BACKGROUND: Targeted next generation sequencing (tNGS) has become part of molecular pathology diagnostics for determining RAS mutation status in colorectal cancer (CRC) patients as predictive tool for decision on EGFR-targeted therapy. Here, we investigated mutation profiles of case-matched tissue specimens throughout the disease course of CRC, to further specify RAS-status dynamics and to identify de novo mutations associated with distant metastases. METHODS: Case-matched formalin-fixed and paraffin-embedded (FFPE) resection specimens (n = 70; primary tumours, synchronous and/or metachronous liver and/or lung metastases) of 14 CRC cases were subjected to microdissection of normal colonic epithelial, primary and metastatic tumour cells, their DNA extraction and an adapted library protocol for limited DNA using the 48 gene TruSeq Amplicon Cancer PanelTM, MiSeq sequencing and data analyses (Illumina). RESULTS: By tNGS primary tumours were RAS wildtype in 5/14 and mutated in 9/14 (8/9 KRAS exon 2; 1/9 NRAS Exon 3) of cases. RAS mutation status was maintained in case-matched metastases throughout the disease course, albeit with altered allele frequencies. Case-matched analyses further identified a maximum of three sequence variants (mainly in APC, KRAS, NRAS, TP53) shared by all tumour specimens throughout the disease course per individual case. In addition, further case-matched de novo mutations were detected in synchronous and/or metachronous liver and/or lung metastases (e.g. in APC, ATM, FBXW7, FGFR3, GNAQ, KIT, PIK3CA, PTEN, SMAD4, SMO, STK11, TP53, VHL). Moreover, several de novo mutations were more frequent in synchronous (e.g. ATM, KIT, PIK3CA, SMAD4) or metachronous (e.g. FBXW7, SMO, STK11) lung metastases. Finally, some de novo mutations occurred only in metachronous lung metastases (CDKN2A, FGFR2, GNAS, JAK3, SRC). CONCLUSION: Together, this study employs an adapted FFPE-based tNGS approach to confirm conservation of RAS mutation status in primary and metastatic tissue specimens of CRC patients. Moreover, it identifies genes preferentially mutated de novo in late disease stages of metachronous CRC lung metastases, several of which might be actionable by targeted therapies.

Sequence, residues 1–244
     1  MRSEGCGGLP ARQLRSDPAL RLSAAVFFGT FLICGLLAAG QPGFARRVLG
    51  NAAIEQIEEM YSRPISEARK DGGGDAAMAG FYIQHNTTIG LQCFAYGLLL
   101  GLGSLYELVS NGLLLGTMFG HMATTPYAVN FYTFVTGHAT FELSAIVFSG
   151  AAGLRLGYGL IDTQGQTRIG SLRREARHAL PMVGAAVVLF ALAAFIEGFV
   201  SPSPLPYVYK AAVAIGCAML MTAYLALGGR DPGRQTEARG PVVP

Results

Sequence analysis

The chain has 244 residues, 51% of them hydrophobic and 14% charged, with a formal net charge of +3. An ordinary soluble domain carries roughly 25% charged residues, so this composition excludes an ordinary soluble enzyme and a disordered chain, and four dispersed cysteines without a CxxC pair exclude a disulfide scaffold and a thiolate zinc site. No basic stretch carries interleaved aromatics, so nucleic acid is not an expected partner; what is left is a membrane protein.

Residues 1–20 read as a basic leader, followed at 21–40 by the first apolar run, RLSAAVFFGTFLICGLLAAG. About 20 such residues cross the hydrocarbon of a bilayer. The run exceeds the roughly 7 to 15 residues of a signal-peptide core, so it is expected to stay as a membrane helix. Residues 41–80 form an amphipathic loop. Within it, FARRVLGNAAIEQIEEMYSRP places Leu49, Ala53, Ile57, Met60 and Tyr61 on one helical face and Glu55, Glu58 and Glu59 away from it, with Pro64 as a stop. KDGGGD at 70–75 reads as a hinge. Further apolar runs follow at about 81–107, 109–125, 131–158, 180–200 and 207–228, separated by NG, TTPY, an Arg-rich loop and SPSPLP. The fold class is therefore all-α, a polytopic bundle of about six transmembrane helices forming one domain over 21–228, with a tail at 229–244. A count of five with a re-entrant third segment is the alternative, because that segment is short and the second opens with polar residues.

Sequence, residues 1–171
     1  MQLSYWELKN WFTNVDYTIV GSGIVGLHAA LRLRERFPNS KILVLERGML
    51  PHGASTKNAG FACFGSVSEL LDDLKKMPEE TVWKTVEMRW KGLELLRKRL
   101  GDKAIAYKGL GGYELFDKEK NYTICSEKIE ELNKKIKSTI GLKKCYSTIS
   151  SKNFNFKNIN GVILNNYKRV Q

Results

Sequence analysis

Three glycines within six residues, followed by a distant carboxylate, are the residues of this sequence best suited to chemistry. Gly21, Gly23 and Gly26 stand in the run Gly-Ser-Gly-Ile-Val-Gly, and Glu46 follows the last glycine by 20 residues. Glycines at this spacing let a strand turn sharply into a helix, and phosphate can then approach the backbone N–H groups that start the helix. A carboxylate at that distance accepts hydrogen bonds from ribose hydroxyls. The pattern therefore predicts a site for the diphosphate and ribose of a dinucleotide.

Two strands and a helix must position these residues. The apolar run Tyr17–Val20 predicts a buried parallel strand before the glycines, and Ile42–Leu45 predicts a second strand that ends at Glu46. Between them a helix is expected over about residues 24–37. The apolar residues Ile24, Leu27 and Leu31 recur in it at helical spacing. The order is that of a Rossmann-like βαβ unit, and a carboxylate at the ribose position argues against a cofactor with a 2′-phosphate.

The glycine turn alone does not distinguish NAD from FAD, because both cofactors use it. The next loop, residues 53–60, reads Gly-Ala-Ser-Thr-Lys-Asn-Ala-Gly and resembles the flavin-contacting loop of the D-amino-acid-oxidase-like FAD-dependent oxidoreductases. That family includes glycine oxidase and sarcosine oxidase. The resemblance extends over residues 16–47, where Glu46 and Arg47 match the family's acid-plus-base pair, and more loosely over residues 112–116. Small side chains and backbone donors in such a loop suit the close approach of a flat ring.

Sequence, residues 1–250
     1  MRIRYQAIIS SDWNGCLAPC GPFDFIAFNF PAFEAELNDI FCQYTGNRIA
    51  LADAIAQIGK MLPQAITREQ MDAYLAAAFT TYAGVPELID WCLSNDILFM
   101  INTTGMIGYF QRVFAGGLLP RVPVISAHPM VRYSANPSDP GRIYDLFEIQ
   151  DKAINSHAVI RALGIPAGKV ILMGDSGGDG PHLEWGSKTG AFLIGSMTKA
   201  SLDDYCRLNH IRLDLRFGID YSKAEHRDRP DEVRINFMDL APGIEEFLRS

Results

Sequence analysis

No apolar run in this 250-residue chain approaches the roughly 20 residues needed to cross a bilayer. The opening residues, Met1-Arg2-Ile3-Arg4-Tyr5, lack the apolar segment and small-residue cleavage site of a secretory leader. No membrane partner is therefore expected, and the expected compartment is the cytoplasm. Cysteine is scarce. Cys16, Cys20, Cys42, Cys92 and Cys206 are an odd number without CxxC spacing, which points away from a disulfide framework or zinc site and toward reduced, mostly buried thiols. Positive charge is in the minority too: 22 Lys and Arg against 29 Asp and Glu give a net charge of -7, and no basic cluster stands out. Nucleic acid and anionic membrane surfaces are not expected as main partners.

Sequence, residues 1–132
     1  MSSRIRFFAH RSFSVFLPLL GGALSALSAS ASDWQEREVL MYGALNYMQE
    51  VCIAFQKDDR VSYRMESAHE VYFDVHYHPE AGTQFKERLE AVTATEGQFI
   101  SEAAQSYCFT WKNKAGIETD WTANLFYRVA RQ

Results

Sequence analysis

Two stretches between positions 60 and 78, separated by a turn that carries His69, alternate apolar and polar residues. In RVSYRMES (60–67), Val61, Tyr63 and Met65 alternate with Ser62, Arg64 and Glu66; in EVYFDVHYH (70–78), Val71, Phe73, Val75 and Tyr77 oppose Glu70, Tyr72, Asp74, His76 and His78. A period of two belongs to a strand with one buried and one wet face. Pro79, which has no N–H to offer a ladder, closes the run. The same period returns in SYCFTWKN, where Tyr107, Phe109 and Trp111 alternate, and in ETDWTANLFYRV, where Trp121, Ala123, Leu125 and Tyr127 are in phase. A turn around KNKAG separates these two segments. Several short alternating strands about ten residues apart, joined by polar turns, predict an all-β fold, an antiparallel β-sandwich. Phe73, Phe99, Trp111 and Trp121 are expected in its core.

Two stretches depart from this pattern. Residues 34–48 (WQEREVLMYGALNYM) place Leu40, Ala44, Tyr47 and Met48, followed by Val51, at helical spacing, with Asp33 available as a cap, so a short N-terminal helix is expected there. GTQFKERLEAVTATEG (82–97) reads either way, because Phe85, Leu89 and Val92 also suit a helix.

Type of Publication:
Journal article published